Answered byscott 5 years 9 months 18 days
The answer is. It depends. The ultimate solution is to promise with a 3D EMtool like HFSS. But a good first approximation for most commercial boardswith thin dielectrics with plane on layer 2 is to create an antipad onlayer 2 that is ate same size as the pad. It will not be optimal, but itwill help.ScottOn Dec 6, 2014 6:49 PM, "Jonathan Riley" wrote:> Hi Andrew> One problem with connector pads is that they're frequently rather wider> than the traces that you're using. This results in a lowering of the> impedance at that point. To maintain a constant impedance for a> differential signal you can change both the trace width and the separation,> but even so, there are limits and going from a 0.11mm trace to a 0.5mm> trace (the pad width) is too much for just increasing the separation.>> Instead the approach is to increase the distance of the signal from the> reference plane. We can't make the PCB thicker, but it is possible to cut> away the copper underneath the pads, thus increasing the distance from the> connector pad to the plane and so raising the impedance. How useful the> technique is will also depend on how close the next layer down happens to> be and just how big the apertures are that you're going to make. Also the> amount of perforations in the reference plane will affect the assumptions> made when the advice to do this was given and too many holes too close> together will sooner or later make those assumptions break down. At that> point the advice becomes counter productive. The impedance where the holes> are is higher, but not exactly uncontrolled, rather it is now dependent on> more factors. The key thing is that you've moved it in the right direction.> It remains a fairly crude approximation though.>> There are a number of manufacturers that recommend this practice in their> application notes for things like PCIe and other differential serial> interfaces. Some also require this for the AC coupling capacitors that are> often a feature of differential links.>> If the manufacturer tells you to do this, it is best to follow their> instructions since if there are problems you can say that you followed> their instructions correctly.>> Perhaps others in the group might have data on the actual difference> between a board with apertures and the same one without them. People with> 3D solvers will be able to model this and know what the impedance does> where the apertures are.>> Regards> Jon>> On 6 December 2014 at 19:23, Brownell, Michael P <> michael.p.brownell@xxxxxxxxx> wrote:>> > Have you checked with Jim Nadolny at Samtec?> > Regards,> >> > Mike> >> >> > -----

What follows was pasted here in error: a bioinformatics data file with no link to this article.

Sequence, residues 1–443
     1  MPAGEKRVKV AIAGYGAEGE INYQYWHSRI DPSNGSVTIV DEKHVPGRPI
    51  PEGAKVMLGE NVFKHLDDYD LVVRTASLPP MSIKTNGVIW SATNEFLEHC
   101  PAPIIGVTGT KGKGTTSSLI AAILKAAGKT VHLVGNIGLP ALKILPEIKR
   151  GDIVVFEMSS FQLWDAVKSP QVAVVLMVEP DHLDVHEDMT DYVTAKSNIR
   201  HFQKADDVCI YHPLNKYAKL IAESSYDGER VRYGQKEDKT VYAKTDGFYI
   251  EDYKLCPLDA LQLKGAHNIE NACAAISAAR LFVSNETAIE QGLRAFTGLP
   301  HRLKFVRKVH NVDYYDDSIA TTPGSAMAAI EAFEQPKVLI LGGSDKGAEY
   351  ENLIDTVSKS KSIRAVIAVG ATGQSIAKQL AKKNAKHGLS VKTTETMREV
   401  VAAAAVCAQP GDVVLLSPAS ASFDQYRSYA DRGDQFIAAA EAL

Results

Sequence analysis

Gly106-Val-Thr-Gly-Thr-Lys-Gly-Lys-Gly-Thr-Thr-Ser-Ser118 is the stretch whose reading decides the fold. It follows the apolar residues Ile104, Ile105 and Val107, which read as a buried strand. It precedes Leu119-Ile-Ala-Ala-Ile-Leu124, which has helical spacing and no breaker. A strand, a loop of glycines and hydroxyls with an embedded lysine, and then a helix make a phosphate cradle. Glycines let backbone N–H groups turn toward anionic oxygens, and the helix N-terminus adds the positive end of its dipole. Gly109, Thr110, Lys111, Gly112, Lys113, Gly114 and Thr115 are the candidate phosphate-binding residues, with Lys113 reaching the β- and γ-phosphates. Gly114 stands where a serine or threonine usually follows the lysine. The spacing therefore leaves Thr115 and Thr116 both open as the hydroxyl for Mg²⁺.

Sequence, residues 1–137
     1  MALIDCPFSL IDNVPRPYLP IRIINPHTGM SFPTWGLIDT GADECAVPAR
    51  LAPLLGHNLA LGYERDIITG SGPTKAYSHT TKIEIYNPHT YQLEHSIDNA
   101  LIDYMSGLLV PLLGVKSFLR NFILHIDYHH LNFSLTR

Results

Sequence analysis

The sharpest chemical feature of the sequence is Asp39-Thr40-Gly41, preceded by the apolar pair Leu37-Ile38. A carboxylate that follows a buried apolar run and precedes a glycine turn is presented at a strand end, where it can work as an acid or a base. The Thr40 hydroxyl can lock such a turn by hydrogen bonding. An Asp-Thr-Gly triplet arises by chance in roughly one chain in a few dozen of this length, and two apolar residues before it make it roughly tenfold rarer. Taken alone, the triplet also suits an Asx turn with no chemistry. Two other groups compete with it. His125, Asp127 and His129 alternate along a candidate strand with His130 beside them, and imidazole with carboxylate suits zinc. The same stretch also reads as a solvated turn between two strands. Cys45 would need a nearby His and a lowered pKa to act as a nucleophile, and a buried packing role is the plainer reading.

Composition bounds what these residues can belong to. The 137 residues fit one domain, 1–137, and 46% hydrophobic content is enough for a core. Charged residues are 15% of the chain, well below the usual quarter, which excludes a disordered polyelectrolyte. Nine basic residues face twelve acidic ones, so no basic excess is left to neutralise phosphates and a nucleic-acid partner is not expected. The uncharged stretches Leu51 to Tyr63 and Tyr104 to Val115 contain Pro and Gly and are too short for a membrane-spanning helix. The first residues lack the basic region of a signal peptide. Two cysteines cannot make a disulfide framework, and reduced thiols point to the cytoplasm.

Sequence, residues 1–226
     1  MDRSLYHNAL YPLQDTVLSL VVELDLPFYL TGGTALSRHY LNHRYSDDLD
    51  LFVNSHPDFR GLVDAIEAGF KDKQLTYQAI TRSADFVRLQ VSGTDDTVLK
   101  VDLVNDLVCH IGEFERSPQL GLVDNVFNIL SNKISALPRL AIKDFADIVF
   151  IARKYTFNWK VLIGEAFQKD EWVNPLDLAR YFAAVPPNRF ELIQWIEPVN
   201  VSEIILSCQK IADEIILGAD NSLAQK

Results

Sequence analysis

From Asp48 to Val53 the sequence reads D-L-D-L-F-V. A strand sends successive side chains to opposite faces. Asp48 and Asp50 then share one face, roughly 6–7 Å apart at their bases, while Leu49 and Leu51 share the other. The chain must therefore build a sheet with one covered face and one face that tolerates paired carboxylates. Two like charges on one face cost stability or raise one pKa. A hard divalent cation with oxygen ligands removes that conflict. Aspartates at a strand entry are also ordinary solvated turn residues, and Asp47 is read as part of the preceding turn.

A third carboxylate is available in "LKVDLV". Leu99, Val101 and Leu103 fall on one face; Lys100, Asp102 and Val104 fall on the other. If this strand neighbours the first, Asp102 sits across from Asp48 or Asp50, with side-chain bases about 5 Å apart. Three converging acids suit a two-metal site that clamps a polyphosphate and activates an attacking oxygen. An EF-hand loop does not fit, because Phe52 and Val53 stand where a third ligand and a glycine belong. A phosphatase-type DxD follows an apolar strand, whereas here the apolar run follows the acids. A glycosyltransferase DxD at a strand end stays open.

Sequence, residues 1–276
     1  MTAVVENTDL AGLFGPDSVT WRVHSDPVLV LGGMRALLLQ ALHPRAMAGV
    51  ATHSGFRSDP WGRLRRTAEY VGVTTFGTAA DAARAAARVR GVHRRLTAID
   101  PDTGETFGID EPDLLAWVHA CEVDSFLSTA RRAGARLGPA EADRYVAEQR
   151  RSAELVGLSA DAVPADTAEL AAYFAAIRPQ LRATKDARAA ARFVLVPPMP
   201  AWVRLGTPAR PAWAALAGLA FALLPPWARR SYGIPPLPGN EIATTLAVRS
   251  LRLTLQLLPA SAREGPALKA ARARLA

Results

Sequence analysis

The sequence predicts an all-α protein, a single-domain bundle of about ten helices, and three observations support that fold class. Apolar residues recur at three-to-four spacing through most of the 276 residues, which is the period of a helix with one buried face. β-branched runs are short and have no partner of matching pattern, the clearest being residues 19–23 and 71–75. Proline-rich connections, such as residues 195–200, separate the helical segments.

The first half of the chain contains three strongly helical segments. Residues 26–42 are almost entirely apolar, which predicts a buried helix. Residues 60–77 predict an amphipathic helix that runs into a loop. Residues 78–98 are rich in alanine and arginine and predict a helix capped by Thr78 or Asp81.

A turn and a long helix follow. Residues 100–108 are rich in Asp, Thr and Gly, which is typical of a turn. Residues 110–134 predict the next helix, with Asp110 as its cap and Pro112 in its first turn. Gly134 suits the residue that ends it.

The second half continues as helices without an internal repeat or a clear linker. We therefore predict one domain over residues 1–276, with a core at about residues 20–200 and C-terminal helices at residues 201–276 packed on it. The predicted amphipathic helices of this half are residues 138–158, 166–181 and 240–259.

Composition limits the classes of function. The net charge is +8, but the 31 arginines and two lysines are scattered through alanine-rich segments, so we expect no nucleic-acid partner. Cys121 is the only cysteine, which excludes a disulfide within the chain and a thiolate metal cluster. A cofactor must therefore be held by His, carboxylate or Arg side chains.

Answered bymichael.p.brownell 5 years 9 months 18 days
Have you checked with Jim Nadolny at Samtec?Regards,Mike-----
Answered bydmarc-noreply 5 years 9 months 18 days
Hello Andrew,Removing metal under the SMT pads without regard to return currents will create a local uncontrolled impedance which will most likely affect your channel margins through launch discontinuities, potential unwanted coupling and mode conversion.  These affects may or may not be problematic depending on your overall channel.  If you able design your SMT launch to include a return reference which will in most cases be somewhere lower (higher) in the board stack-up.  Need to do this analysis with a 3D tool.Regards,-Jory Jory McKinleyMcKinley Consultinge-mail: jory_mckinley@xxxxxxxxxphone: (774)-285-2859      From: Andrew Holme  To: si-list@xxxxxxxxxxxxx  Sent: Saturday, December 6, 2014 9:28 AM Subject: [SI-LIST] Remove ground plane under connector pads?Hi,Is it standard practice to remove copper from the ground plane under high-speed connector SMT pads?I'm designing a board with 100-ohm differential pairs carrying 5.4 Gbps data terminating at a Samtec ERM8 connector.  For my stack-up, the differential traces are 0.11 mm wide and 0.17 mm apart.  The connector pads are 0.5 mm by 2.0 mm.  Should I remove an equal area of copper from the ground plane directly under each pad?Thanks,Andrew.